The 3 Common Types Of Diabetes There are three basic types of diabetes: type 1 diabetes, type 2 diabetes, and gestational diabetes. All of these are similar in that they are metabolism disorders involving the pancreas, insulin regulation, and glucose. However, the causes for these types of diabetes are different and therefore they require somewhat different approaches when it comes to treatment.
Type 1 Diabetes
Of all the types of diabetes, type 1 is the most common in children. In fact it is most often diagnosed in children or young adults but it can strike at any age. Type 1 diabetes is considered an autoimmune disease because the body destroys the cells in the pancreas that produce insulin. Therefore, the pancreas is unable to supply enough insulin to live. A person with type 1 diabetes must take insulin every day.
Thankfully, type 1 diabetes only accounts for up to ten percent of the types of diabetes cases in the U.S. today. The destruction of the insulin producing cells can happen slowly over time or this condition can develop quite suddenly for reasons that medical scientist do not fully understand. The symptoms of type 1 diabetes include increased urination, increased thirst, weight loss, constant hunger, extreme fatigue, blurry vision, and even person with diabetes coma.
Type 2 Diabetes
Of all types of diabetes, type 2 is the most common. Type 2 diabetes is linked to obesity, genetics, and physical inactivity. It is estimated that nearly 80 percent of people who have this type of diabetes are overweight. Due to the growing obesity epidemic among children today, type 2 diabetes is now being diagnosed among children and teens when it was once primarily seen with older ages.
With type 2 diabetes, the pancreas produces a sufficient amount of insulin but for one reason or another, the body cannot utilize it. This is called insulin resistance. If this condition is allowed to linger for years, the pancreas begins to produce less and less insulin and the amount of glucose in the blood increases which results in person with diabetes symptoms.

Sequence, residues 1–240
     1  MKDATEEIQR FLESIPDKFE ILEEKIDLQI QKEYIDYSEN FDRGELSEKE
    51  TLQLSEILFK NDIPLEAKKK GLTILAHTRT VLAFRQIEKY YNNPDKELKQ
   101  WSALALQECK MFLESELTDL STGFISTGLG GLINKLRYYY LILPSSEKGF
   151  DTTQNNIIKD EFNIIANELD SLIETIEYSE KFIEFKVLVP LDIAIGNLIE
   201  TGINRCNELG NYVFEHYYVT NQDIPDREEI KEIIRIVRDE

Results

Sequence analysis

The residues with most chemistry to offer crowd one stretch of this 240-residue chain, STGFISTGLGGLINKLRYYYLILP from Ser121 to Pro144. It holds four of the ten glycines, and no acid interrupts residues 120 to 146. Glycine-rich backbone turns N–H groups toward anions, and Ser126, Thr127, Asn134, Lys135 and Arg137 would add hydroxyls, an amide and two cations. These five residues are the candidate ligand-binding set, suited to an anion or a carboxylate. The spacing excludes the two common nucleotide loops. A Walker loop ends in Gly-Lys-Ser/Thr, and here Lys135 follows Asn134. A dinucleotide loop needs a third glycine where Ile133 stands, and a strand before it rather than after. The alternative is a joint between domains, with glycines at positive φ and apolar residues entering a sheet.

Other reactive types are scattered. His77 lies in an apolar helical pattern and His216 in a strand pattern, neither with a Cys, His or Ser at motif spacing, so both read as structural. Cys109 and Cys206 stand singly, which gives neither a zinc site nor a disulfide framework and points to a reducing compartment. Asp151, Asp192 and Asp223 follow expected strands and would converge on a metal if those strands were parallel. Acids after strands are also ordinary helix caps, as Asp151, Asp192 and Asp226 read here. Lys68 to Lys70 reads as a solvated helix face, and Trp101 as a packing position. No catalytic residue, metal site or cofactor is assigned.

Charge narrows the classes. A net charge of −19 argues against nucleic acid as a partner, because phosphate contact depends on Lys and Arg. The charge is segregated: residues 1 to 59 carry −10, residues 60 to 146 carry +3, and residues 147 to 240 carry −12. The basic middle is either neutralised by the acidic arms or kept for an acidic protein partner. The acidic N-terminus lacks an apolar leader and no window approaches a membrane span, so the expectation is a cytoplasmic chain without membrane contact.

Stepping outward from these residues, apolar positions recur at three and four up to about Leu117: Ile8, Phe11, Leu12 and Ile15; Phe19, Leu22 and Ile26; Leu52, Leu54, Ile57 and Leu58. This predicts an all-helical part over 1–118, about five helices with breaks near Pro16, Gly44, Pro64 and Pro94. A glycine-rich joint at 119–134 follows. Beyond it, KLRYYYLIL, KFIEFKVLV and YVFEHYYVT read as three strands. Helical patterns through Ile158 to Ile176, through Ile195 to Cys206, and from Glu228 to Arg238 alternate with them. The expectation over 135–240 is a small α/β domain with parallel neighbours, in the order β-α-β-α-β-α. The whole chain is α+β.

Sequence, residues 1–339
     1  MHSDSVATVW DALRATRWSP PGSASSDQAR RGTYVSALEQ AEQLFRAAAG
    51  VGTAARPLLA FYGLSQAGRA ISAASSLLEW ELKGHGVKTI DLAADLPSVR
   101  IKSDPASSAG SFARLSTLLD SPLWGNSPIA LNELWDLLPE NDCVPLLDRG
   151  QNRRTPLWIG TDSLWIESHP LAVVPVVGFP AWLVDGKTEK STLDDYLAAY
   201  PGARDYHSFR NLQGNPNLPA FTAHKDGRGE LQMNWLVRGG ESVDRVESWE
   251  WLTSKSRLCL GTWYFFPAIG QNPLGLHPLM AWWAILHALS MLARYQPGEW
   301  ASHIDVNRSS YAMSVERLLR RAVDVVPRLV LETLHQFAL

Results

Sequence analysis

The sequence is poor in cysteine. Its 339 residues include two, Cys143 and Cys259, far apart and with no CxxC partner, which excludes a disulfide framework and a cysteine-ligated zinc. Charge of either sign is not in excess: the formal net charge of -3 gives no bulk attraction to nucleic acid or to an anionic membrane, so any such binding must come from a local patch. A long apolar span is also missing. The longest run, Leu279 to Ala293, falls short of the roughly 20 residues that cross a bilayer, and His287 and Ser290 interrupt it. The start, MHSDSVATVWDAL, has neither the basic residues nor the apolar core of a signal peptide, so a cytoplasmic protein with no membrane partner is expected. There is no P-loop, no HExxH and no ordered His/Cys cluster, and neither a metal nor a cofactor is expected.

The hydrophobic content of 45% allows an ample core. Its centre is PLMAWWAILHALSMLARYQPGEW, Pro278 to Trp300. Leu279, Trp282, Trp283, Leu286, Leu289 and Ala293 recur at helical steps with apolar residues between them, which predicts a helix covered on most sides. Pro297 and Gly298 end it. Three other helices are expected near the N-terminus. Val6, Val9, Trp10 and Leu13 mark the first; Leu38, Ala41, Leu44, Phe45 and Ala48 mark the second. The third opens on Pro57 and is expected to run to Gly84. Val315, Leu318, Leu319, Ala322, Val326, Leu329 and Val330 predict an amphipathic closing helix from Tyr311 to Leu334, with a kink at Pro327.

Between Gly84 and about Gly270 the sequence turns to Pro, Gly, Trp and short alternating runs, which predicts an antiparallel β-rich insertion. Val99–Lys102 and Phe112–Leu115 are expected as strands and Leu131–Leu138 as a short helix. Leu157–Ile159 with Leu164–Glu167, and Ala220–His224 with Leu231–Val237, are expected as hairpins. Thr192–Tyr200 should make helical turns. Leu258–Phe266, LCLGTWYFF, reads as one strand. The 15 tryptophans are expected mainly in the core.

Among the types of diabetes, type 2 has symptoms that develop the slowest. It is a chronic gradual development. The symptoms include frequent urination, frequent hunger, frequent thirst, blurred vision and wounds that are slow to heal. It is even possible to have type 2 diabetes and not know it. Treatment for this type of diabetes includes diet, exercise, and medications if necessary including insulin.
Gestational diabetes is a type of diabetes in pregnant women. Gestational diabetes strikes up to eight percent of pregnancies in the U.S. today. It usually goes away after the woman gives birth but indicates she is at a high risk of developing type 2 diabetes later in life.
Like other types of diabetes, gestational diabetes is a condition of a shortage of insulin. This could be cause by pregnancy hormones that interfere with its production or utilization. Women who have gestational diabetes may not experience symptoms but if left unchecked, increased glucose levels could cause complications with the pregnancy, delivery, or harm the unborn baby.
These three main types of diabetes require medical attention and proper treatment to prevent serious complications from arising. Diabetes that is untreated could result in blindness, limb amputation, and even death. Diabetes is no longer a disease of old people. It can strike anyone at any age. Thankfully there are many effective forms of treatment available today that make it easier for those with diabetes to lead normal productive lives.